The Nigeria Customs Service (NCS) has directed all private aircraft owners in the country to present relevant importation clearance documents to the agency for verification.
The service’s Deputy Comptroller, Joseph Attah, disclosed this yesterday at a press briefing in Abuja.
Attah said failure to comply with the verification mandate would be met with appropriate sanctions.
He said, “In line with the need to ensure strict compliance with all regulations, especially at this time of challenging security situation and reluctance of some highly placed individuals to pay taxes, Nigeria Customs Service will be taking stock of all privately owned aircraft in the country.
“Consequently, Nigeria Customs Service, in line with its statutory functions as provided for in Part III Sections 27, 35, 37, 45, 46, 47, 52, 56, 63 & 64; Part XI Sections 144, 145, 155, 160, 161 & 164 and Part XII Sections 167, 168, 169, 173 and 174 of the Customs and Excise Management Act, hereby invites all owners of private aircraft in the country to come forward with their relevant importation clearance documents for verification.”
Attah clarified that the purpose of the verification process is not to compel aircraft owners to commence paying customs duties but to ensure the payment of other mandatory charges such as the Comprehensive Import Supervision Scheme.
He added, “We want to ensure all charges due to the government are paid. The move is not punitive but to ensure compliance. If deficiencies are found, there will be room for correction.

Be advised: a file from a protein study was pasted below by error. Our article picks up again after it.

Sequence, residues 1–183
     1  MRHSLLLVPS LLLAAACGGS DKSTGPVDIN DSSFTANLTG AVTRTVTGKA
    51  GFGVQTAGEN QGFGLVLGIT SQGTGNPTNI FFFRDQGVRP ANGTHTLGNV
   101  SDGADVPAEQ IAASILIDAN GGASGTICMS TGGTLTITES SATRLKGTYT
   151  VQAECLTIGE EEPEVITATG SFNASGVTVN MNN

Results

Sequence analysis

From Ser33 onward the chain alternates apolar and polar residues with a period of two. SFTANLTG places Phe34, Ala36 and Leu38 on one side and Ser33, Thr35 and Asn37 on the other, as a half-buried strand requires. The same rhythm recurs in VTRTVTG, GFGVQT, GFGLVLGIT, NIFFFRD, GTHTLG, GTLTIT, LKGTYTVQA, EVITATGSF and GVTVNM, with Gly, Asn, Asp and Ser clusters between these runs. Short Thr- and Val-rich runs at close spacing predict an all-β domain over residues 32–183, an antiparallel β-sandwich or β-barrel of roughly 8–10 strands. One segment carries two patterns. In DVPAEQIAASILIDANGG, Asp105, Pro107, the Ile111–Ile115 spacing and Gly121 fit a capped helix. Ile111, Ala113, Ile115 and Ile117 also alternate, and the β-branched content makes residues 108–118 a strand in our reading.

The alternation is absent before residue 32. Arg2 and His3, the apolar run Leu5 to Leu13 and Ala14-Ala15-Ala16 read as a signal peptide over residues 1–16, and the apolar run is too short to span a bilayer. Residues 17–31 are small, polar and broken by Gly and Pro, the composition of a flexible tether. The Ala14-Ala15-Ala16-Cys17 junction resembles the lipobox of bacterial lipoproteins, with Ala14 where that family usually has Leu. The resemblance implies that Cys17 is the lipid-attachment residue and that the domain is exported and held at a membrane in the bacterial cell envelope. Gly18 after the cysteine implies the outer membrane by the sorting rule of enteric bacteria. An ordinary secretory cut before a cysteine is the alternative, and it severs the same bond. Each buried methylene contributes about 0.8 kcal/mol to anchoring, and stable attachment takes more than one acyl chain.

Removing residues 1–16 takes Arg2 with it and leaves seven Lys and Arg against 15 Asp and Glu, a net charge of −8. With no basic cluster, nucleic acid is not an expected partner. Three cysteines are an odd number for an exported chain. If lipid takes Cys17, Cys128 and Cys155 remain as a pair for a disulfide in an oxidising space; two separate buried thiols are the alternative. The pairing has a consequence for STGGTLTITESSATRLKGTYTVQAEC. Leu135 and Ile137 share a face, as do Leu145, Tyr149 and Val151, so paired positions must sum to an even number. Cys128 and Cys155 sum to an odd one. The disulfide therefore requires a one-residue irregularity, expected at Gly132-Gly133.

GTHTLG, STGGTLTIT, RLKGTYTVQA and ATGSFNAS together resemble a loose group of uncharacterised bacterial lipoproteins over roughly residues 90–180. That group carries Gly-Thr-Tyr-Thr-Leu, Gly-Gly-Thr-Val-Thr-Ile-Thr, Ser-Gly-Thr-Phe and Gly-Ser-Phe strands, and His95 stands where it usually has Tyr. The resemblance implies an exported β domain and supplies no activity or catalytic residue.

“We need to know who owns what and we want to know how they came in to ensure that nothing untoward happened.”
He added that the verification process will commence on June 7 and end on July 6, 2021.
“All such owners or their representatives are to report to 305, Tariff and Trade Department, Nigeria Customs Service Headquarters, 3, Abidjan Street, Wuse Zone 3, Abuja-FCT from Monday, June 7 through Tuesday, July 6, 2021, between 10am and 5pm daily, with all the relevant aircraft documents for verification,” he said.
According to Attah, the documents necessary for the verification include Aircraft Certificate of Registration, NCAA’s Flight Operations Compliance Certificate, NCAA’s Maintenance Compliance Certificate, NCAA’s Permit for Non-Commercial Flights and Temporary Import Permit (where applicable).
It was also disclosed at the briefing that the NCS has generated N799,024,705,961 between January 1 and May 30, 2021; N226,110,610,991.00 higher than the revenue aggregated in the corresponding period of the previous year.
“Already the Service has generated N799,024,705,961.00 between January 1 and May 30, 2021.
“When compared with same period last year, there is a positive difference of N226,110,610,991.00.” Attah explained.